With Phil Lord and Christopher Miller, the creative minds behind the first Cloudy With a Chance of Meatballs and the recently rebooted and well-received 21 Jump Street, at the helm, the project has just as much focus placed on the comedy as the storyline and stylish animation. Accordingly, the jokes fly a mile a minute.
But beneath it all is a genuine heartbeat. Emett’s journey is a common hero’s quest but his goofy antics and self-sacrificing ways provide an emotional basis for our ongoing investment in his arc. Driving home a message that everyone’s special may be a little pear-shaped in the age of the Great Recession but there’s something intentionally ironic behind all the hackneyed encouragement. Maybe The Lego Movie would like to tell us we’re all special but that’s a message that only lingers on the surface. Beneath that, Lord and Miller reach out and say “We know that’s not true, but that’s still cool.”
The film is loaded with irreverent, double entendre moments like this, a self-aware meta angle that makes the experience just as much rewarding for adults as it is for kids. The screenwriting duo even take potshots at the lesser regarded Lego properties to great comic effect. Rarely taking a break from tongue-in-cheek mockery of Business, who for all intents is a place holding satire of the very company footing the bill for this movie, their voice is strangely misaligned with the lousy money-grubbing staples of the industry. They preach thinking outside the box while the inevitable accompanying merchandise will deal in exactly this kind of box-set salesmanship. Just eat up that irony.
Going back to the kids, those sugar-stuffed Ritalinites are sure to just eat this up as the partially CGI, partially stop-motion visual style is mind-boggling enough to make even a surly old man’s jaw drop much less a wide-eyed youngster. Cross the delectable ratio of genuine belly laughs with the crafty visual palette and Miller and Lord deserve a hearty pat on the back. Congratulations guys, you’ve made the best animated film in years.
Is Hollywood so unimaginative that it has to rehash an idea as simple as Horrible Bosses? Even after lackluster numbers, it appears that the 2011 comedy will attempt to flower into a franchise after all. Confirmed to play a new horrible boss/father-son duo are Chris Pine and Christoph Waltz. Jason Bateman, Charlie Day, and Jason Sudeikis will reprise their roles as the extremely unlucky guys who just can’t seem to find a good boss, a feat proven tricky when you’ve attempted to murder your last bosses.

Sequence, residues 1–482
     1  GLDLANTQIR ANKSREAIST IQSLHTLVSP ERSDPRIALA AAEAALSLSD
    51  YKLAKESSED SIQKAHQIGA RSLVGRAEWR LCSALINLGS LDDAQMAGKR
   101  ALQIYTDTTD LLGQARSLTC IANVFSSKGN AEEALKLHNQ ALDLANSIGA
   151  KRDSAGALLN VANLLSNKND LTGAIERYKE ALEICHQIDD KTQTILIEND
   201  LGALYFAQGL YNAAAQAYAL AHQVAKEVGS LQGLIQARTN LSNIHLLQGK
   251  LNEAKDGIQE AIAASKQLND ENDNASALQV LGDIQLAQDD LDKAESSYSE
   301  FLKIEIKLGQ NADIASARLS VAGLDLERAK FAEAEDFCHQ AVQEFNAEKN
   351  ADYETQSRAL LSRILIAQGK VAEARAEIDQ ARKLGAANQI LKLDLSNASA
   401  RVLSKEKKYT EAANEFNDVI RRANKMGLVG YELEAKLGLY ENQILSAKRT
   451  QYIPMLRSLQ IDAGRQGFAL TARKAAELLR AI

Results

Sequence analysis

What else is there to say about Christoph Waltz? He can do no wrong. One can imagine that he is swimming in scripts for better movies than this, so it must be okay. Right? Chris Pine has also proven to be pretty solid talent lately and it will be interesting to see how he handles a comedic role. The few comedic moments in the new Star Trek films were well executed by him.
Hopefully they don’t go the route taken by Hangover 2 and do the exact plot again. However, it’s difficult to imagine a much broader scope when the film is called Horrible Bosses. You pretty much know what you are in for.
I am currently working on the third film in the series, where the protagonists work in a Chinese factory and commit suicide after 2 hours of existential pondering and hopelessness. At least that’d be something new.
Horrible Bosses 2 is directed by Sean Anders and stars Jason Bateman, Jason Sudeikis, Charlie Day, Chris Pine and Christoph Waltz. It hits theaters on November 28, 2014.